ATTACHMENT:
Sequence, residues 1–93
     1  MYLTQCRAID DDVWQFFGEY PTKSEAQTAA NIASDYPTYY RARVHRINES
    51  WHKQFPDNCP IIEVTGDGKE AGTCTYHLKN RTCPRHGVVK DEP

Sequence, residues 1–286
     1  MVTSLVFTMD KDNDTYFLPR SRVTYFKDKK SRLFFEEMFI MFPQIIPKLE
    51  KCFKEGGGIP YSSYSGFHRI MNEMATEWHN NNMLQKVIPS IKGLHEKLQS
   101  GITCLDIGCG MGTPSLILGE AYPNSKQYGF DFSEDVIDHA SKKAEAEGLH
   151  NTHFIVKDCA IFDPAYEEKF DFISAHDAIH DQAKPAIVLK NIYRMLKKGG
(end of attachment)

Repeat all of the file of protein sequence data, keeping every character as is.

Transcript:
Sequence, residues 1–93
     1  MYLTQCRAID DDVWQFFGEY PTKSEAQTAA NIASDYPTYY RARVHRINES
    51  WHKQFPDNCP IIEVTGDGKE AGTCTYHLKN RTCPRHGVVK DEP

Sequence, residues 1–286
     1  MVTSLVFTMD KDNDTYFLPR SRVTYFKDKK SRLFFEEMFI MFPQIIPKLE
    51  KCFKEGGGIP YSSYSGFHRI MNEMATEWHN NNMLQKVIPS IKGLHEKLQS
   101  GITCLDIGCG MGTPSLILGE AYPNSKQYGF DFSEDVIDHA SKKAEAEGLH
   151  NTHFIVKDCA IFDPAYEEKF DFISAHDAIH DQAKPAIVLK NIYRMLKKGG